|Senior tight end Aaron Golliday|
By Jerod Dahlgren
It?s pretty tough for a 6-4, 290-pound tight end to be overshadowed.
Although senior Aaron Golliday has started games in each of his four seasons with the Huskers, his performances have gone somewhat unnoticed. After all, he has played behind all-Big 12 honorees Tracey Wistrom and Sheldon Jackson.
"He was in the shadows for a long time," NU receivers coach Ron Brown said. "Even now, his role doesn?t give him the credit that he really deserves.
"I think he?s arguably the best blocking tight end in college football," Brown added. "People unfortunately don?t make as big of a deal about that kind of thing as they do about a whole lot of receptions."
Despite having just nine catches over his career with the Huskers, Golliday has not only been catching the eyes of Brown, but those of coaches throughout the Big 12 Conference.
"I?ve heard coaches say that he just mashes people," Brown said. "He has become a very tenacious football player."
Golliday has made the most of his opportunities when the ball has been thrown to him, converting two of his nine receptions into touchdowns. He crossed the goal line for the first time as a redshirt freshman in the 2000 Fiesta Bowl, but didn?t put points on the board again until snagging a one-yard touchdown pass against Missouri as a senior this season.
"It had been a long time," Golliday said. "It was so far and few between, I forgot how the last one felt."
The Golliday File
Not only is his position coach quick to point out Golliday?s ability to block, but also recognizes the talents he possesses as a receiver.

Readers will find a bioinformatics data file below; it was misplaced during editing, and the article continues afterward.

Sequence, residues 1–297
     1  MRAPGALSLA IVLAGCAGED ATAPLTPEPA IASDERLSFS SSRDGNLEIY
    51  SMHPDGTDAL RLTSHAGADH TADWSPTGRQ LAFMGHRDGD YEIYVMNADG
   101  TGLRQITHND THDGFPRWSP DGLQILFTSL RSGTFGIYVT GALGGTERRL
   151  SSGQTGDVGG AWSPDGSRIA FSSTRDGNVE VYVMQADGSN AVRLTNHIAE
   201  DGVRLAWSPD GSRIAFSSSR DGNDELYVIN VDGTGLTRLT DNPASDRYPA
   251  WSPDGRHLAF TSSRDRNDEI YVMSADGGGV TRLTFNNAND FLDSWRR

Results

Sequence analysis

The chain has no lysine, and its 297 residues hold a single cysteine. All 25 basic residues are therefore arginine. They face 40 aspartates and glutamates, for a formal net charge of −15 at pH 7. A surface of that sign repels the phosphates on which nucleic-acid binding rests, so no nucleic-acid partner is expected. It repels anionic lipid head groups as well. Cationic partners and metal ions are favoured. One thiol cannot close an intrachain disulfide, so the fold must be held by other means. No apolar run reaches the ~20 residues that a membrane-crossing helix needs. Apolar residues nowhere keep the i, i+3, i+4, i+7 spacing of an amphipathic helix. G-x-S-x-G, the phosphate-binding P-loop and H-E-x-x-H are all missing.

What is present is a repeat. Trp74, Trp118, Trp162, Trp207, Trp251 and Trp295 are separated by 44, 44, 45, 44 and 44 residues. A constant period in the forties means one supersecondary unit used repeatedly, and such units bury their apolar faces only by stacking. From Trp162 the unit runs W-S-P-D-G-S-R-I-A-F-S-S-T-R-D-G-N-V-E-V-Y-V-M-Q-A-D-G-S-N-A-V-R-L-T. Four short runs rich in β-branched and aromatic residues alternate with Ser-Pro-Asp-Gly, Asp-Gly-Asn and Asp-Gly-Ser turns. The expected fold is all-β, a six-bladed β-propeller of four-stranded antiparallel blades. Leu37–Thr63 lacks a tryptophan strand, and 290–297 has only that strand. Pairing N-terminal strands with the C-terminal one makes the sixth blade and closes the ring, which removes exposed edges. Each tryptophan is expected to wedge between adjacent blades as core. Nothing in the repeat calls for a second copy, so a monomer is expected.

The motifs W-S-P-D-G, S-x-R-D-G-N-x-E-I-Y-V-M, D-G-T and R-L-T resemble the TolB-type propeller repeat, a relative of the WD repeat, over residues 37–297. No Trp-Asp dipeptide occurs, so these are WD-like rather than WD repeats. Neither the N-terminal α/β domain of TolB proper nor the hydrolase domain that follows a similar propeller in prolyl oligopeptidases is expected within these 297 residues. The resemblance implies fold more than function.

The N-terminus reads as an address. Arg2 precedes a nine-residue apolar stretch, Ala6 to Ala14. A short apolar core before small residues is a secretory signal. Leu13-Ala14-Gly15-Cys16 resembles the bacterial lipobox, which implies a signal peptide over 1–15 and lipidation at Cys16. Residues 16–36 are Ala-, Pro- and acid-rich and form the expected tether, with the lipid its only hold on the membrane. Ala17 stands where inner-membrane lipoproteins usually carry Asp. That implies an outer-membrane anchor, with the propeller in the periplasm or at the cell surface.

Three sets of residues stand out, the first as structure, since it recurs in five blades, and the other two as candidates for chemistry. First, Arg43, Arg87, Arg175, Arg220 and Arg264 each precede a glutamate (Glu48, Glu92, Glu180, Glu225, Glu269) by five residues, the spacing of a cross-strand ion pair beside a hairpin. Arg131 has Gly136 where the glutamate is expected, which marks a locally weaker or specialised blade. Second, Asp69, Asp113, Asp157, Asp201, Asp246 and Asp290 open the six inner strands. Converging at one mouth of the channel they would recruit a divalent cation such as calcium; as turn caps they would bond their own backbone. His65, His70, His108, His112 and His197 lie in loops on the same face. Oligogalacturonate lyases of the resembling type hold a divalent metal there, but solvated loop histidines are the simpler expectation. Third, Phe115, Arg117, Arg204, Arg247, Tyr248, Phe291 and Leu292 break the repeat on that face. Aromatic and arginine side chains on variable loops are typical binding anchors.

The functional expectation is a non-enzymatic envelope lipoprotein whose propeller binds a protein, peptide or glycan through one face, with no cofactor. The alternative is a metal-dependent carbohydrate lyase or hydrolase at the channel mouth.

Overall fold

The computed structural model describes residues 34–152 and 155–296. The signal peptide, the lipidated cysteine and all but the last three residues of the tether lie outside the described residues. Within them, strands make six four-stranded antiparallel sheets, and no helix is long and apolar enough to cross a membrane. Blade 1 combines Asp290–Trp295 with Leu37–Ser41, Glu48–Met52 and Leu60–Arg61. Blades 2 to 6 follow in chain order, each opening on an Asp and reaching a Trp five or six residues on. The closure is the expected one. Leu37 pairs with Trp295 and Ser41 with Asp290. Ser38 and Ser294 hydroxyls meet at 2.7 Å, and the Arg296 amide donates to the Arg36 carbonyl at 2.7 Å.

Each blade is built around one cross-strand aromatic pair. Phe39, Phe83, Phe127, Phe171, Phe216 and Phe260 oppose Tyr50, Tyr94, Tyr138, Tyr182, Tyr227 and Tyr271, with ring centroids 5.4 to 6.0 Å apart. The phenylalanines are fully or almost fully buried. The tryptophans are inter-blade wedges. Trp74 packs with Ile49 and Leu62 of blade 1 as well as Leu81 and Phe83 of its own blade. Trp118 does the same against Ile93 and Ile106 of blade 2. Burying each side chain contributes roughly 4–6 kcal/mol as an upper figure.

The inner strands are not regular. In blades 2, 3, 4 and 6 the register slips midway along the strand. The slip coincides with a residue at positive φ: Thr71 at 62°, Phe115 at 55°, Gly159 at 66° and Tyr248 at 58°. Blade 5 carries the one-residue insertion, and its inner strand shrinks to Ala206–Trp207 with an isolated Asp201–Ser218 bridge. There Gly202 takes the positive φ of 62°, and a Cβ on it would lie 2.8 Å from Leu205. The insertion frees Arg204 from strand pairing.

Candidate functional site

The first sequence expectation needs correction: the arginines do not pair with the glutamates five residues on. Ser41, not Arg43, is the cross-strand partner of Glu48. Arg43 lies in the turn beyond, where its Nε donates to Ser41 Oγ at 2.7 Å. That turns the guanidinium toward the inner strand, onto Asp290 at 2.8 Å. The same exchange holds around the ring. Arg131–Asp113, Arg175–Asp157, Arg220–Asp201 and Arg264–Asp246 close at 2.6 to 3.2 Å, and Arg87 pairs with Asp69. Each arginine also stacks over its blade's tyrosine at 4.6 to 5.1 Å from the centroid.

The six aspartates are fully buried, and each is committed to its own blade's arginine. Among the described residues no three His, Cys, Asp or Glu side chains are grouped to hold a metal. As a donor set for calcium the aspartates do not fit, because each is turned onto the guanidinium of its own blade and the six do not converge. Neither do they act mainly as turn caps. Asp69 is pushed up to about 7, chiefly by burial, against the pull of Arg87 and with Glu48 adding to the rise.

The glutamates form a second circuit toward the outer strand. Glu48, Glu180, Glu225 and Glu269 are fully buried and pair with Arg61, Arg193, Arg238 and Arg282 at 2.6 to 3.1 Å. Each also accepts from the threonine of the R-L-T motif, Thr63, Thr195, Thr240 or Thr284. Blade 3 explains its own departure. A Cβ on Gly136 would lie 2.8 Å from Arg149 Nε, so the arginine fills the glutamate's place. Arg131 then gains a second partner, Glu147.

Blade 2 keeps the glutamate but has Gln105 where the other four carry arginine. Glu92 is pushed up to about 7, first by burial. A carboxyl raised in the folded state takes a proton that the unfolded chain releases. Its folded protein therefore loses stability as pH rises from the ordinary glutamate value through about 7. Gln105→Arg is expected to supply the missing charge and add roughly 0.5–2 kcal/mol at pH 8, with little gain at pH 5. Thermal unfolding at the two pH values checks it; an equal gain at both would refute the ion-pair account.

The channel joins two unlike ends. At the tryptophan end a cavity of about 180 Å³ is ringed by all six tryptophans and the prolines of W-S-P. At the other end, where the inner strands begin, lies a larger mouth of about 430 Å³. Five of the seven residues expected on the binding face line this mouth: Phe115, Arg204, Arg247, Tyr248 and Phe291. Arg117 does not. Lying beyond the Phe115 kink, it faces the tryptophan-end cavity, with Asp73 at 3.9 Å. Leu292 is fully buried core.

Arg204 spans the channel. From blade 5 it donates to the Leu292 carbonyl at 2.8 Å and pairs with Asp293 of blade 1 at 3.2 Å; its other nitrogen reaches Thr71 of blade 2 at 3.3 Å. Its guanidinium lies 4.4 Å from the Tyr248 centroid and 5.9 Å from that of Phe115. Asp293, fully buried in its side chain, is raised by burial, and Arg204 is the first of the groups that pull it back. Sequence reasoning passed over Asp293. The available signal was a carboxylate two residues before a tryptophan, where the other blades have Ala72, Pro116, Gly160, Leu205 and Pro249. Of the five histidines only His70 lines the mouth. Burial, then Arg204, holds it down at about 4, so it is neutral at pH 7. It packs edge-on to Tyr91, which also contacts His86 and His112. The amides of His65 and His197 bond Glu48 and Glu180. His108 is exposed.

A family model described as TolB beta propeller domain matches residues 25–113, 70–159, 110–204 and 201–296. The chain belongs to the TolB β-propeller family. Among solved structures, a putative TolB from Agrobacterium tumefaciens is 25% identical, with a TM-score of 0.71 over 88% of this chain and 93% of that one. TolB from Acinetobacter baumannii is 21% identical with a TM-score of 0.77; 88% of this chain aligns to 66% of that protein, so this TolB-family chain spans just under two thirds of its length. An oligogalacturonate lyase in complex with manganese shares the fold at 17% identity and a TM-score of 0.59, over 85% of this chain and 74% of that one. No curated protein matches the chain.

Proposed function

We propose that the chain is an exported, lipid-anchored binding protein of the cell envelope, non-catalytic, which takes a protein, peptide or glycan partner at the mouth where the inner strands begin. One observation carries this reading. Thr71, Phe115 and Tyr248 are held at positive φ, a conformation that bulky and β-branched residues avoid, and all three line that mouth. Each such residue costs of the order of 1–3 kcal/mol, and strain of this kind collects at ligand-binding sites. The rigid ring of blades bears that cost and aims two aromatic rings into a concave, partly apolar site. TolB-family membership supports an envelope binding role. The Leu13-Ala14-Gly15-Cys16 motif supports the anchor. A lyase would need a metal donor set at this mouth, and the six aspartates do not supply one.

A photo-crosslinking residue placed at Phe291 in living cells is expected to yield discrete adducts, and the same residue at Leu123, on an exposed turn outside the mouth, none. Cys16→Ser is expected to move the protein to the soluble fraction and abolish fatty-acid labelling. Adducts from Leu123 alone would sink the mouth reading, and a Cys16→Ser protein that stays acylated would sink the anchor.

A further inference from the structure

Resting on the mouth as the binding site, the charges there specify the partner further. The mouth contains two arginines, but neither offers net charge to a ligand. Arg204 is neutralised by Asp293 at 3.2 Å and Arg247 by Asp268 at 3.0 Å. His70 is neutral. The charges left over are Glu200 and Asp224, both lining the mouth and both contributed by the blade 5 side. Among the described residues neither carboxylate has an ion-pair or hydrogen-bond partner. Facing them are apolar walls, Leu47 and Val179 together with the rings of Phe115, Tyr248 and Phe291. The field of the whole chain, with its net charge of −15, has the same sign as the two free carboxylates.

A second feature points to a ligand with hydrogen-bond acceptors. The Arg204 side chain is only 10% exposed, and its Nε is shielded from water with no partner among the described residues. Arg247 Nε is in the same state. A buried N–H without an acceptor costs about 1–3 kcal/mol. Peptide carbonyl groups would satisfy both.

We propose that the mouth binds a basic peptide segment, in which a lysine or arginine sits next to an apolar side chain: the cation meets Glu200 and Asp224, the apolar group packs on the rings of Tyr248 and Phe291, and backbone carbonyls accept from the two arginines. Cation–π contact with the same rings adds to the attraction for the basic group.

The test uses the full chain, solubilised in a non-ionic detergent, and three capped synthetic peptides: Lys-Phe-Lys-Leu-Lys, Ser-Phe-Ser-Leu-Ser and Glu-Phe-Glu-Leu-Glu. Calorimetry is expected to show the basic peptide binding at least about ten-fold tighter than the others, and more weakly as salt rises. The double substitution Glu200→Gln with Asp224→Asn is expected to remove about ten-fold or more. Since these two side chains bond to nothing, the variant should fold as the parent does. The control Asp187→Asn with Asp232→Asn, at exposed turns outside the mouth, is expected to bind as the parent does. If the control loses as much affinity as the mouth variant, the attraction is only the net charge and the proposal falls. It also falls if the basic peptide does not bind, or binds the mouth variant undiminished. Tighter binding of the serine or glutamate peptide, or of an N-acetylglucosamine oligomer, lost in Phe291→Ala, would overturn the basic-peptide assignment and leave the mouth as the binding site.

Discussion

"From time to time, we?ve thrown him the football and it seems like every time we?ve thrown that kid the ball, he?s come up with it," Brown said. "He?s got very good hands."
Those soft hands that Brown mentioned can likely be traced back to what must seem like another life for Golliday.
The road to becoming such a dominant player in the trenches for the Huskers was an unlikely one for the York, Neb., native. Until his senior year of high school, Golliday believed that his route to a college athletic scholarship would be on the hardwood playing basketball.
One quickly envisions Golliday banging in the post as a center or power forward much as he does as a tight end for NU, but his forte was distributing the ball as a point guard. Until his senior year with the Dukes, Golliday saw the court and directed traffic around the perimeter, attracting double and triple teams night in and night out.
His court vision was something that made the transition from point guard to a blocking tight end a success.
"He?s a great athlete," Brown said. "He has coordination and quickness for a big man, along with an ability to adapt to scenarios out in the open space. He can adjust and change directions."
Not only did Golliday adjust sports after receiving a scholarship offer to play football, he also had to modify his body type.
Early in his high school days, Golliday clocked in around 200 pounds, but by his senior year, had bulked up to 235 pounds. After talking with an NU strength coach on a recruiting visit, Golliday soon realized that his weight might continue to escalate.
"I remember talking to Boyd Epley on a visit and he said I would be up to 275," Golliday said. "I thought he was outrageous."
Now well beyond the benchmark set by Epley, Golliday could attract some attention from NFL scouts in the coming months, according to Brown.
"I think the kid has a chance to play pro football because of his size and his excellent feet and eye-hand coordination," Brown said. "Somewhere, I think that he could play, if that?s what he wants to do.
"He?s a kid who will have a lot of options. He?s bright and has done well in school. People are going to fall in love with Aaron Golliday just as a person."
Golliday is also keeping his options open when it comes to his plans after college.
"You hate to put all of these years behind and just have it end," Golliday said. "When you are a Division I football player, you are so close, but yet so far away. At the same time, I?ve played a lot of football and have been here for a long time. If it didn?t happen, I wouldn?t be devastated. I?d be happy with a job, I?ve been poor long enough."